“Of course, there is always the risk of it being drawn into it, but at this point, it does not appear to be a reasonable scenario.”

Massive fiscal and monetary stimulus is boosting markets, observers say, unless earnings collapse and central banks tighten their policies.

Still, Federal Reserve Chairman Jerome Powell said last week that the US Federal Reserve will remain dovish until employment is fully restored.

Erik Bregar, head of currency strategy at Exchange Bank of Canada, thought GameStop Reddit madness might have taken some speculative profits out of the market.

“But as soon as these stocks crashed, everyone breathed a sigh of relief and bid the market up again,” he said in an interview.

“It’s hard to kill this thing … you can come up with a lot of basic arguments that it should not be that high, but it has not paid off to go against it yet.”

He said there is just too much positive news and a broad expectation that the global economy will be strong in the second half of the year as COVID-19 vaccinations progress.

“I continue to believe the stocks will represent good value as we move forward here through 2021,” said Mike Archibald, vice president and portfolio manager at AGF Investments Inc.

He said unlimited liquidity and people putting their saved money in the stock market are key drivers for its growth.

In fact, the savings rate and cash deposits have risen by more than 10 percent in the last two quarters, the highest level recorded, says Brian Belski, chief investment strategist at BMO Capital Markets.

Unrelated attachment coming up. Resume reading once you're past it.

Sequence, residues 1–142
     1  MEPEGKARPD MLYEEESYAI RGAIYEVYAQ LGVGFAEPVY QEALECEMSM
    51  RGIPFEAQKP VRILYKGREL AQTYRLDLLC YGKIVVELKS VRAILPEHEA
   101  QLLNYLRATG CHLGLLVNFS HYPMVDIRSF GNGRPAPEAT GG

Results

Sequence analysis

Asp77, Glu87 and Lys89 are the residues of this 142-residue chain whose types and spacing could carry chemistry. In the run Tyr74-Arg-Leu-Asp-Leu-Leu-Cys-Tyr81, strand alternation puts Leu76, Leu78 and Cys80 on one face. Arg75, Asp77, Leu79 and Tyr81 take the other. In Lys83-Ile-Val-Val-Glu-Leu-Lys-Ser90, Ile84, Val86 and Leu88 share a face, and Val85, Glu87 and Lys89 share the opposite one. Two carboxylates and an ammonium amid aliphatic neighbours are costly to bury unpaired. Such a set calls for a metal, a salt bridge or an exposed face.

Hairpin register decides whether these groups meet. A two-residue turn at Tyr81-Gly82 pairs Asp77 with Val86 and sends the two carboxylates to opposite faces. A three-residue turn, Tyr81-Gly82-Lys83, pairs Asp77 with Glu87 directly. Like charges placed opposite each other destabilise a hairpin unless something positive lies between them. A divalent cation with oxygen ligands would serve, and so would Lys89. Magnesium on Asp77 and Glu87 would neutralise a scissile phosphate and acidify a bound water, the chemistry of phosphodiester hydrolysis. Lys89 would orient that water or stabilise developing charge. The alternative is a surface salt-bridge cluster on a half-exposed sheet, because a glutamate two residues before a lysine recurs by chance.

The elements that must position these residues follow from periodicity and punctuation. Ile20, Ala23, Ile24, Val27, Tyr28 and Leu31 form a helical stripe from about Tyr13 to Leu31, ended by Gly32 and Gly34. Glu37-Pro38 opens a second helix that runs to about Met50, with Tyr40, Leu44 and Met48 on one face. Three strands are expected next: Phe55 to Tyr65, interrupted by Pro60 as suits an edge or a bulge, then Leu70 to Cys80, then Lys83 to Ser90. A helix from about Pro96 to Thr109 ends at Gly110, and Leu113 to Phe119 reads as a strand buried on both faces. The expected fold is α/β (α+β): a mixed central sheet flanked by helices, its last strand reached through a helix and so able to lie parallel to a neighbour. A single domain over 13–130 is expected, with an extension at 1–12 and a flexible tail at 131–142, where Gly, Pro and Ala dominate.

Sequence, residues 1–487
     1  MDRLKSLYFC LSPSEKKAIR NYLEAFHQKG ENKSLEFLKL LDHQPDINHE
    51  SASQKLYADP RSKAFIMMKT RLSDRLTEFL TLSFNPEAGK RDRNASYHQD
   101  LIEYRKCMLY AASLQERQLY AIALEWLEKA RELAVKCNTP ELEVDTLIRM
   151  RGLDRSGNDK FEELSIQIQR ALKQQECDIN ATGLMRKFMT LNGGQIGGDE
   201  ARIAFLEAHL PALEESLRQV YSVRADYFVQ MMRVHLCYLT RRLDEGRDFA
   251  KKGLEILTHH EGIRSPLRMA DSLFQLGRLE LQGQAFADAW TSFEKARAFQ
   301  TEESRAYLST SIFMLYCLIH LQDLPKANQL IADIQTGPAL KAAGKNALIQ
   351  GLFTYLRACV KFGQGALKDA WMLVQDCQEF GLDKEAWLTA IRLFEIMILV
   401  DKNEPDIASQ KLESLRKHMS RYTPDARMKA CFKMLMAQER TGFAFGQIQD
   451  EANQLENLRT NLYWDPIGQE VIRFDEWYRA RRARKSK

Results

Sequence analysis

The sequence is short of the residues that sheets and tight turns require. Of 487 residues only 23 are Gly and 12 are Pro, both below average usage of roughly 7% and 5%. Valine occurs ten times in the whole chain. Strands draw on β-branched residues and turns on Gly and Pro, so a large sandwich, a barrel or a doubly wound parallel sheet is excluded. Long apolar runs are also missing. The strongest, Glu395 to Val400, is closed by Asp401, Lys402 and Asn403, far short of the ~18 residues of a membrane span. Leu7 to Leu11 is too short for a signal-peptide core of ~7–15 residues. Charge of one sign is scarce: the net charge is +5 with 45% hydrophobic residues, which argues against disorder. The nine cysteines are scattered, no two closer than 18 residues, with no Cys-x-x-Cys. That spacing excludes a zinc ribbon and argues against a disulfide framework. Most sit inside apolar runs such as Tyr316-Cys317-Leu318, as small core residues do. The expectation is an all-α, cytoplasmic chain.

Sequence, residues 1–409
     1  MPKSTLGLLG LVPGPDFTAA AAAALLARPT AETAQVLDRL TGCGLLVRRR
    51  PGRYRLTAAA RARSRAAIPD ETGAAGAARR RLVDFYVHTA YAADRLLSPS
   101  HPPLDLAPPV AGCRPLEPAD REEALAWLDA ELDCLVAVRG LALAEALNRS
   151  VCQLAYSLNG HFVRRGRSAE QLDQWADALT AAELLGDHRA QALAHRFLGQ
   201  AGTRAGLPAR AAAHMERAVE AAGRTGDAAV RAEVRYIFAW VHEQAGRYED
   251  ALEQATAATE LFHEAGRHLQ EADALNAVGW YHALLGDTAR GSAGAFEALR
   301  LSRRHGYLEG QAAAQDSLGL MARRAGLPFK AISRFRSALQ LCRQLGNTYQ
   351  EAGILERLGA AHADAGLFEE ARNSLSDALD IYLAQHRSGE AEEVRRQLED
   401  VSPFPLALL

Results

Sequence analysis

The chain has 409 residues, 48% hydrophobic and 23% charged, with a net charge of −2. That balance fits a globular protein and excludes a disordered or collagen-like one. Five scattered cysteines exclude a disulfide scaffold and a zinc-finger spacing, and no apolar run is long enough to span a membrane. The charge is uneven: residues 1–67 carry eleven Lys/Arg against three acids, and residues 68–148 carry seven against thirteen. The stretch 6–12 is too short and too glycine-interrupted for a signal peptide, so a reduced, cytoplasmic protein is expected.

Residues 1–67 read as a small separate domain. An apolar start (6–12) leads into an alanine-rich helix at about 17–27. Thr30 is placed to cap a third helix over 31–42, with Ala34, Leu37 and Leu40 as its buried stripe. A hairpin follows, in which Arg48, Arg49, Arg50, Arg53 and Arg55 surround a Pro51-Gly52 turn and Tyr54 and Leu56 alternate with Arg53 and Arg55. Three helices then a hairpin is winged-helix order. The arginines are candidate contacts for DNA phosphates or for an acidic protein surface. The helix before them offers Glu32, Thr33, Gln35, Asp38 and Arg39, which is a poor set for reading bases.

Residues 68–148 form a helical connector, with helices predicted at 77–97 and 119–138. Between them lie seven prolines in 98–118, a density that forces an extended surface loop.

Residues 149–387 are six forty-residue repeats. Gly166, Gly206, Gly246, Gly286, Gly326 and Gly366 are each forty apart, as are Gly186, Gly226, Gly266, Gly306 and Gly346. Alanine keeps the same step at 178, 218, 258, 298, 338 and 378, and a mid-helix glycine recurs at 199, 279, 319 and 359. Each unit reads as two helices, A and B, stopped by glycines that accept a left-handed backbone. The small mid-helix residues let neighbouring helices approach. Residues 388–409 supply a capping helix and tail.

“Yes, valuations appear to be stretched at first glance, but they must also be considered in the context of historically low interest rates and low inflation, ingredients that are likely to continue throughout 2021 and above, in our view,” he wrote in a report.

“Looking at it through this lens, we think it’s not unreasonable for market valuation to maintain (or even expand slightly) from its current level.”

Some areas of the market, including cannabis stocks, cryptocurrency and parts of technology, are “frothy,” but other investments remain attractive, Archibald said.

“By and large, if you look at what I would call solid, solid companies – these stocks still seem to be reasonably priced for me and I still think there is a good upside potential for a number of these companies. “

It is natural and healthy for the markets to pause after strong driving. The stock markets look ahead and expect where things are going in the future, not where they stand now.

“If you can look beyond the next few months, the outlook looks extremely bright,” said Candice Bangsund, portfolio manager for Fiera Capital.

A short-term correction of five to ten percent is possible and should be seen as a buying opportunity, but massive spending is laying the floor during major downward movements, she said.

In addition, we do not know if we are in a persistent rally or a speculative bubble “until it is in hindsight,” Kristina Hooper, head of global marketing strategist at Invesco, wrote in a note.

“And it really does not matter to long-term investors. The reality is that market ups and corrections occur, but the trend line for equities in the long run is upward. ”

This report from The Canadian Press was first published on February 14, 2021.